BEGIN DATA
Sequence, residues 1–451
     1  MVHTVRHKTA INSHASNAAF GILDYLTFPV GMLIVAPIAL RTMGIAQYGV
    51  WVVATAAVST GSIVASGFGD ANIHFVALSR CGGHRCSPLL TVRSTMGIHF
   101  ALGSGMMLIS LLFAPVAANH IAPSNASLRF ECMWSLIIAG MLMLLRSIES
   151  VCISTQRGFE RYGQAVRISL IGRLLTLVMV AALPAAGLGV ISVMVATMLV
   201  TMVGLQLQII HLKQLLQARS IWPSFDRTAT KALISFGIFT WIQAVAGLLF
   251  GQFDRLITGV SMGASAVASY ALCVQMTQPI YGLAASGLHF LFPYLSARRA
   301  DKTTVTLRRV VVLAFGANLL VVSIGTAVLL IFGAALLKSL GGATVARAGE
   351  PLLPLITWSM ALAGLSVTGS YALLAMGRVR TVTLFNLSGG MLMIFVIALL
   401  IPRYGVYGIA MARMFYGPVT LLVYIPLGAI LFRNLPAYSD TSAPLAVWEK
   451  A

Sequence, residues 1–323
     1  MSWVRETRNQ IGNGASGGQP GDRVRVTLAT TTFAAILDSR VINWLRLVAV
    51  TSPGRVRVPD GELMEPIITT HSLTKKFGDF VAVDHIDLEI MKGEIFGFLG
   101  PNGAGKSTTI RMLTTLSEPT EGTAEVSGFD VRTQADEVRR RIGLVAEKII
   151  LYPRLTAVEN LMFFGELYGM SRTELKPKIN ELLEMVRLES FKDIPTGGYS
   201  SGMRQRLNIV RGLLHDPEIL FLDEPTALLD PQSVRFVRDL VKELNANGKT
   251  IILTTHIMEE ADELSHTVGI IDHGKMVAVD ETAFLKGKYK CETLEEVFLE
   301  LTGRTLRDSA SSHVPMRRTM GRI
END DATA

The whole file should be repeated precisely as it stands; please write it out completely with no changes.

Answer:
Sequence, residues 1–451
     1  MVHTVRHKTA INSHASNAAF GILDYLTFPV GMLIVAPIAL RTMGIAQYGV
    51  WVVATAAVST GSIVASGFGD ANIHFVALSR CGGHRCSPLL TVRSTMGIHF
   101  ALGSGMMLIS LLFAPVAANH IAPSNASLRF ECMWSLIIAG MLMLLRSIES
   151  VCISTQRGFE RYGQAVRISL IGRLLTLVMV AALPAAGLGV ISVMVATMLV
   201  TMVGLQLQII HLKQLLQARS IWPSFDRTAT KALISFGIFT WIQAVAGLLF
   251  GQFDRLITGV SMGASAVASY ALCVQMTQPI YGLAASGLHF LFPYLSARRA
   301  DKTTVTLRRV VVLAFGANLL VVSIGTAVLL IFGAALLKSL GGATVARAGE
   351  PLLPLITWSM ALAGLSVTGS YALLAMGRVR TVTLFNLSGG MLMIFVIALL
   401  IPRYGVYGIA MARMFYGPVT LLVYIPLGAI LFRNLPAYSD TSAPLAVWEK
   451  A

Sequence, residues 1–323
     1  MSWVRETRNQ IGNGASGGQP GDRVRVTLAT TTFAAILDSR VINWLRLVAV
    51  TSPGRVRVPD GELMEPIITT HSLTKKFGDF VAVDHIDLEI MKGEIFGFLG
   101  PNGAGKSTTI RMLTTLSEPT EGTAEVSGFD VRTQADEVRR RIGLVAEKII
   151  LYPRLTAVEN LMFFGELYGM SRTELKPKIN ELLEMVRLES FKDIPTGGYS
   201  SGMRQRLNIV RGLLHDPEIL FLDEPTALLD PQSVRFVRDL VKELNANGKT
   251  IILTTHIMEE ADELSHTVGI IDHGKMVAVD ETAFLKGKYK CETLEEVFLE
   301  LTGRTLRDSA SSHVPMRRTM GRI